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February 1, 2003

At Deadline

By Editorial Staff


*The Investment Company Institute believes the Big Board's proposed Liquidity Quote rule is unacceptable. Despite commending the NYSE's goal of using the rule to show greater market depth because of decimal trading, ICI officials still believe the proposal should be revised. In a letter to the Securities and Exchange Commission, the ICI's general counsel Craig Tyle writes that..."the Institute believes the proposal falls far short of establishing a system to facilitate efficient trading by mutual funds and other institutional investors on the Exchange."

Tyle adds that, "This is because investors willing to interact with trading interest reflected by the liquidity quote would remain subject to current NYSE procedures governing the execution of X-Press orders, which will significantly diminish the potential benefits of the liquidity quote proposal." Besides the ICI, Bloomberg and others have also raised some questions about the NYSE proposal. [See Washington Watch.]


*Nasdaq eliminated its quote update fee. This came as quoting in Nasdaq stocks surged at its competitors. The one-cent fee was introduced 12 months ago to discourage excessive quoting, preserve system capacity and to raise revenue. Nasdaq says the decision to rescind the fee was made for two reasons. First, the market has doubled its quote update processing capacity in the past year. Second, quote traffic has declined as some ECNs refuse to participate in SuperMontage. Indeed, quoting in Nasdaq stocks on U.S. stock exchanges covered by the Unlisted Trading Privileges (UTP) plan, jumped significantly in December. Nasdaq reported messages per second (mps) jumped nearly 60 percent from 965 mps to 1,532 mps on its UTP feed during peak times in December.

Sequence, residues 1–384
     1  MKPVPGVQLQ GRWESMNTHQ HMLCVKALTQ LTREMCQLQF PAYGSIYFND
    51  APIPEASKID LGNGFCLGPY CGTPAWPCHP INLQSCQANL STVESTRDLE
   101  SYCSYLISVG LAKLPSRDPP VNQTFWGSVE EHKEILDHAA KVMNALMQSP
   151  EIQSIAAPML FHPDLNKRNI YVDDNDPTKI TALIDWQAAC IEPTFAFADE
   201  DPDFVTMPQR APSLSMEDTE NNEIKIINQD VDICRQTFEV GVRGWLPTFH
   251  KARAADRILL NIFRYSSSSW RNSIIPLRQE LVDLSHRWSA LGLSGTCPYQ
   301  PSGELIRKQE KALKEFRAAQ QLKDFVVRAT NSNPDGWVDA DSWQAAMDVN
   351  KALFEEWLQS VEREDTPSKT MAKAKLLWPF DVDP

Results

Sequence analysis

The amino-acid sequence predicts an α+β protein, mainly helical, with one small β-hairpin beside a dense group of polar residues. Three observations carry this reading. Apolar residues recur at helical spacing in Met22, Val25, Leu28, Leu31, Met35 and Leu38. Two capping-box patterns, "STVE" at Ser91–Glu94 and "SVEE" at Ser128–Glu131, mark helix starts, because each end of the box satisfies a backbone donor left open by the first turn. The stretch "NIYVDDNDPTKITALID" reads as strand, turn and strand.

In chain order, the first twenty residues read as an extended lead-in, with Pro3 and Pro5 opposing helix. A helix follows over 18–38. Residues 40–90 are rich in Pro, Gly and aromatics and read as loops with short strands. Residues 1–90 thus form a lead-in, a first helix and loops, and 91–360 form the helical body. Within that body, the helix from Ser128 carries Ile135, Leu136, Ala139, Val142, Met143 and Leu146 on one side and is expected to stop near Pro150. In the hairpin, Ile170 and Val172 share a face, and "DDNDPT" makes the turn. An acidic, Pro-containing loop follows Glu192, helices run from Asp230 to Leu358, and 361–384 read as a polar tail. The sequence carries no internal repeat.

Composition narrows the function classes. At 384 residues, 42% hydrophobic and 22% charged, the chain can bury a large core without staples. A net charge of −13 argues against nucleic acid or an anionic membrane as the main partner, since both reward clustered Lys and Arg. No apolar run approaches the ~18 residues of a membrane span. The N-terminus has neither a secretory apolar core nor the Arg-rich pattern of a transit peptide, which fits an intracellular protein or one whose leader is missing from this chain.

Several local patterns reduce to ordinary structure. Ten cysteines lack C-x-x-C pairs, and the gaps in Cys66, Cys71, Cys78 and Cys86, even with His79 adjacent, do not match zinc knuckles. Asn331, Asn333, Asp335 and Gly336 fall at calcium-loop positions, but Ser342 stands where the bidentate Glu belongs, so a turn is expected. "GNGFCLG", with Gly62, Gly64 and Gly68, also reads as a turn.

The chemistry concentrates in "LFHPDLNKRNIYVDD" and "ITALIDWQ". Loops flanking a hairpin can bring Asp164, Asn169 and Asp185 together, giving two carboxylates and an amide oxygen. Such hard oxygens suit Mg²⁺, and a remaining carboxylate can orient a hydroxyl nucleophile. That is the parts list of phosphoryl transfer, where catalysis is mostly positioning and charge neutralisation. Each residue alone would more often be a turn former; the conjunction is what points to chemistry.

*Nasdaq, which is seeing exchanges taking a greater share in trading of its stocks, wants these competitors to pay a larger proportion of market surveillance costs. In a letter to the Securities and Exchange Commission, Nasdaq President Richard Ketchum said his organization last year spent $80 million on regulatory costs.

"This crushing regulatory cost burden - a material portion of which is used to subsidize the regulation of trading that does not occur on Nasdaq - has significantly hindered Nasdaq's ability to compete with the growing number of alternative trading venues," Ketchum wrote. "We are growing increasingly concerned that the current allocation of regulatory responsibilities and costs poses a material threat to Nasdaq's long-term commercial viability." Nasdaq has been profitable so far because of cost-cutting measures. However, Nasdaq, in buying its freedom from its former parent, the National Association of Securities Dealers, has incurred big debts that will come due in the next three or four years.


*Nasdaq's loss will be the Pink Sheets gain. At least that's the way Cromwell Coulson, chief executive for the Pink Sheets, is drawing up the plan. Coulson expects that Nasdaq's design to recreate its OTC Bulletin Board (OTCBB) into the Bulletin Board Exchange, or BBX, will result in more rigorous listing standards. Many companies will be pushed out of the OTCBB, Coulson expects, and they will be interested in moving to the Pink Sheets.

"We're building a lot of new features to appeal to those users," Coulson said. Pink Sheets is going to charge fees to listing companies, asking them to voluntarily sponsor their listings while letting market makers quote in those stocks for nothing. [See Industry Watch.]